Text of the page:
The seven scientifically proven benefits of this type of diet include protecting heart health, strengthening the immune system, increasing energy, keeping the gut healthy, supporting weight loss, avoiding cancer, Prevent and treat diabetes.

Key factors involve eating an appropriate amount of calories to maintain a healthy weight, focusing on whole foods, getting plenty of protein to maintain muscle [or growth] and avoid processed foods, Price says.

6. Don’t get drunk

The Hong Kong Center for Health Protection defines binge drinking as drinking at least 5 cans of beer, 5 glasses of wine or 5 glasses of spirits (60ml or 2oz) in one sitting.

Why do Gen Z adopt a low or no alcohol lifestyle?

However, even eating less than that can cause health problems. According to the US Centers for Disease Control and Prevention, these diseases include: high blood pressure, heart disease, stroke, liver disease and digestive problems; cancers of the breast, mouth, throat, esophagus, larynx, liver, colon and rectum; weakened immune system, increased risk of disease; and learning and memory problems, including dementia and poor school performance.

7. Sleep well

Advice varies on the optimal amount of sleep needed for a healthy adult but tends to center around 7 to 8 hours per night. For teenagers, it’s 8 to 10 hours.

The average Hong Kong person is chronically sleep deprived.

Adults should sleep seven to eight hours each night. Photo: Shutterstock

Lack of sleep is strongly linked to poorer eating habits and higher body mass index (BMI).

Your bedroom should be a place free of digital devices. There is no TV. No laptop. And, if possible, no phones.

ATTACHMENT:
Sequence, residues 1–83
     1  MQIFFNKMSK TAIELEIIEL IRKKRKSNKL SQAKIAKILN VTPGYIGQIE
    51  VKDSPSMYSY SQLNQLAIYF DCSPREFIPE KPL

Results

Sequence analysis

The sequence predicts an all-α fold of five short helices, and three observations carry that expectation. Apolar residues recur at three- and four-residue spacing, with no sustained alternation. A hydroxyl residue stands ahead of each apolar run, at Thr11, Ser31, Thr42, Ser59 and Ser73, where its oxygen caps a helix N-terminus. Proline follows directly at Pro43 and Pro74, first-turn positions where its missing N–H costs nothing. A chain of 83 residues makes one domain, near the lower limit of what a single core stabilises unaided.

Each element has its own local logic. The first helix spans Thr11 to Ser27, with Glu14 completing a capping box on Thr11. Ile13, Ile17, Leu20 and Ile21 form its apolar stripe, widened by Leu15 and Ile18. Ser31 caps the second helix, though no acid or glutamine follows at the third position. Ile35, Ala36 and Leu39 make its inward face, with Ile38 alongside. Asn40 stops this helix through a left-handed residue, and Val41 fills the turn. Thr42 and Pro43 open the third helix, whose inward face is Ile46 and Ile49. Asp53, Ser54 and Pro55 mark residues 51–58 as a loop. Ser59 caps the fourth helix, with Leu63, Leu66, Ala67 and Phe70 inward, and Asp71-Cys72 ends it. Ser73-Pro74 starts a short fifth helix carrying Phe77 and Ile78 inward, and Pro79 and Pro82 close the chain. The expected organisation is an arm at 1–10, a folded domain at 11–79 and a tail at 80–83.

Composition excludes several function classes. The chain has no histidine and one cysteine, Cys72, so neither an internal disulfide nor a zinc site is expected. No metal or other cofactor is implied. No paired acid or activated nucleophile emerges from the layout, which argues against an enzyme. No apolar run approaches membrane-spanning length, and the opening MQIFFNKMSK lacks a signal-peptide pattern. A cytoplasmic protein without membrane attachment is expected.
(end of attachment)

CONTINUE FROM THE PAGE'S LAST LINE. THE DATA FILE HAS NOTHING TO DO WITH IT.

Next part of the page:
8. Maintain positive social relationships

Strong social connections act as a buffer against stress and the harmful effects of anxiety and depression.

In Hong Kong, more and more people, especially the elderly, are living more isolated lives.

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As we age, maintaining friendships helps keep our brains sharp. According to a recent study by the American Academy of Neurology, people with isolation face a significantly higher risk of brain shrinkage.

Social connection with the people you love is the strongest predictor of longevity, Price said. We need to be conscious of contributing something valuable to the world.

Inactivity among the highest risk factors

Among study participants, inactivity, opioid use, and smoking had the greatest impact on longevity: these three factors were associated with a 30 to 45 percent higher risk of death over time. research period.

Stress, binge drinking, poor diet and poor sleep habits are all linked to an increased risk of death by about 20%. A lack of positive social relationships was associated with a 5% increased risk.

Our study results show that adopting a healthy lifestyle is important for both public and individual health, said Xuan-Mai Nguyen, health science specialist at the Department of Veterans Affairs and one of the study authors, noted.

The sooner the better, but even if you make just a small change in your 40s, 50s or 60s it will still be beneficial.